Oceanwide Expeditions' statement on Marine Protected Areas in Antarctica
Vlissingen, the Netherlands, December 2016 -- Oceanwide Expeditions welcomes the adoption of the Ross Sea region marine protected area adopted by the Commission for the Conservation of Antarctic Marine Living Resources (CCAMLR) in its XXXV meeting in October 2016. Oceanwide Expeditions is very supportive of MPAs in the Southern Ocean surrounding Antarctica, and wants to continue visiting the essential parts of this region and show these to its passengers. Oceanwide Expeditions believes in the combination of enjoying nature and protection.
Oceanwide Expeditions prides itself on organising high quality polar excursions, with our ships taking hundreds of tourists to the Antarctic each year to experience the Antarctic continent, its ice shelves and islands, and the magnificent Southern Ocean that surrounds it.
As a funding member of the International Association of Antarctica Tour Operators (IAATO), Oceanwide Expeditions takes seriously its commitment to advocate and promote the practice of safe and environmentally responsible private-sector travel to the Antarctic. Oceanwide Expeditions is deeply committed to protecting this region so that tourists are able to experience this wilderness area for generations to come.
Tourism contributes as a mechanism to drive conservation on a large scale by exposing individuals to the Antarctic environment to witness the beauty of the region, and enable them to become ambassadors for the Antarctic pristine nature.
In 2009, CCAMLR committed to designating a network of large-scale marine protected areas MPAs in Antarctic waters. As part of a systematic conservation planning strategy, in 2011 the Convention Area was divided into nine planning domains for MPA development. After initial progress, discussions to create two large marine protected areas in the Ross Sea and in East Antarctica were in virtual gridlock since 2012. This changed dramatically in October 2016 when the Ross Sea region marine protected area was adopted with the consensus of all 25 Members of the CCAMLR. This protected the first of the nine domains with an area of over 1.5 million square kilometres - the largest marine protected area in the world to date.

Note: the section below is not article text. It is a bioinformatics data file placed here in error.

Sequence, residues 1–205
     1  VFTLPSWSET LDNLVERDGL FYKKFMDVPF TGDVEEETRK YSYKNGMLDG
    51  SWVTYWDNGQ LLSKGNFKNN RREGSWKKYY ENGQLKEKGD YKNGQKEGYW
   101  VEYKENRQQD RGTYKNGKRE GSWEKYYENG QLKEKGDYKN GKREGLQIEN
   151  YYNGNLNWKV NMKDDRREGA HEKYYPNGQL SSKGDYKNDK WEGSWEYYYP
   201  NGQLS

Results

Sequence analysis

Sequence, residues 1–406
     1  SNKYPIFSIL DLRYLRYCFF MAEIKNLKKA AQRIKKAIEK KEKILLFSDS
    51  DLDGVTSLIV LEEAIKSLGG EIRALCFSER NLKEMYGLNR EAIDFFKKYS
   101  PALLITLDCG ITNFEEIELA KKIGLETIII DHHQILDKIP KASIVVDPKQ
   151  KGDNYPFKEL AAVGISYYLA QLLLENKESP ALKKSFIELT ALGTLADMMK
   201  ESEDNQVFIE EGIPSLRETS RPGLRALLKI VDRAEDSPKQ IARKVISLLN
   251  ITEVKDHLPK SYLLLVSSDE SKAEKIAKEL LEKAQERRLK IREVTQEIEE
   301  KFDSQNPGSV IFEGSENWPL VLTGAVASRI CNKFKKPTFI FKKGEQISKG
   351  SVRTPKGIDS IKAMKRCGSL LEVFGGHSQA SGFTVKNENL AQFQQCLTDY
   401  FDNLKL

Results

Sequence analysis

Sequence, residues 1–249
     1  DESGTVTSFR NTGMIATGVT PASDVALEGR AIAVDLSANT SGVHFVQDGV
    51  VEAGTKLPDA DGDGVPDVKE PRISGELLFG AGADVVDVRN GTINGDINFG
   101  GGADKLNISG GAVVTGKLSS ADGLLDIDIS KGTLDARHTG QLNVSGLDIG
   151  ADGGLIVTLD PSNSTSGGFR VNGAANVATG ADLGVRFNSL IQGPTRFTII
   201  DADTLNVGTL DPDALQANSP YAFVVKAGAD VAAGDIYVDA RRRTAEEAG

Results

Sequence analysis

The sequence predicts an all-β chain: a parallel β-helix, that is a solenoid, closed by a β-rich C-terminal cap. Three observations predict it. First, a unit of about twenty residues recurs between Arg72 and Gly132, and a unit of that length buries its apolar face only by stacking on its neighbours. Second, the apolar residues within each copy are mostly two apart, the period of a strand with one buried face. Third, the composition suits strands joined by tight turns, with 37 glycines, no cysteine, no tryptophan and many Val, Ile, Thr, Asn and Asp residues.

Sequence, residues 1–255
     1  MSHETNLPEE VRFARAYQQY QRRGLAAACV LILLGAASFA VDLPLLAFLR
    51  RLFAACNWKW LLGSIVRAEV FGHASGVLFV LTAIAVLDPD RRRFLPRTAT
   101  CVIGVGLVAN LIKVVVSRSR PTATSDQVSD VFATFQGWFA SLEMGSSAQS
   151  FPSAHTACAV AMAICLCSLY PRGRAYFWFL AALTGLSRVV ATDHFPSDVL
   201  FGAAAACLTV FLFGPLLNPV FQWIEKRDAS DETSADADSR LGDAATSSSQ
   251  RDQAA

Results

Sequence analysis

This is only the beginning, as other MPA proposals for the Southern Ocean are in various stages of development. In September 2016 the IUCN held its World Conservation Congress in Hawaii with many positive developments for marine protection, including a Resolution encouraging increasing the percentage of marine areas in highly protected MPAs to at least 30% by 2030.[i]
MPAs contribute to protect unique and representative habitats and ecosystems; serve as reference areas for science including climate change science; and contribute to building resilience in the face of global climate change. Well managed MPAs, including no-take zones, also help to ensure the sustainability of fisheries. Furthermore, by maintaining a healthy ecosystem MPAs also contribute to the wilderness experience that is the basis of Antarctic tourism and the driver of the tourist-as-ambassador concept.
As one of the responsible users of the Southern Ocean, Oceanwide Expeditions look forward to the entry into force of the Ross Sea region marine protected area in 2017 and the adoption of further MPAs in the CCAMLR area until completing the ring of MPAs in the region.
We encourage CCAMLR Member state governments to continue the process of establishing a network of permanent protected areas in the Southern Ocean.[ii] Many Antarctic Treaty states and CCAMLR members have designated marine protected areas in their own waters, so that this is not a concept new to them.
We encourage also other members of IAATO and IAATO itself to engage in supporting a complete ring of MPAs around Antarctica.
We would also support the protection of marine areas in the Arctic and outside the Polar regions, such as in the temperate and tropical Atlantic Ocean, and of taking initiatives towards effectively preventing the spread of plastic and other waste in the world's ocean.
[i] WCC-2016-Res-050 Increasing marine protected area coverage for effective marine biodiversity conservation. " The World Conservation Congress, at its session in Hawai‘i, United States of America, 1-10 September 2016... ENCOURAGES IUCN State and Government Agency Members to designate and implement at least 30% of each marine habitat in a network of highly protected MPAs and other effective area based conservation measures, with the ultimate aim of creating a fully sustainable ocean, at least 30% of which has no extractive activities, subject to the rights of indigenous peoples and local communities." https://portals.iucn.org/library/sites/library/files/documents/IUCN-WCC-6th-005.pdf pp. 118-119.
[ii] In 2009 CCAMLR set itself the target of 2012 to achieve a representative system of MPAs within the Convention Area. Concurrently, CCAMLR adopted the South Orkney Islands Southern Shelf MPA (CM 91-03, 2009), the first high seas MPA worldwide, and subsequently in 2011 a General Framework for the Establishment of CCAMLR MPAs (CM 91-04, 2011). As part of a systematic conservation planning strategy, in 2011 the Convention Area was divided into nine planning domains.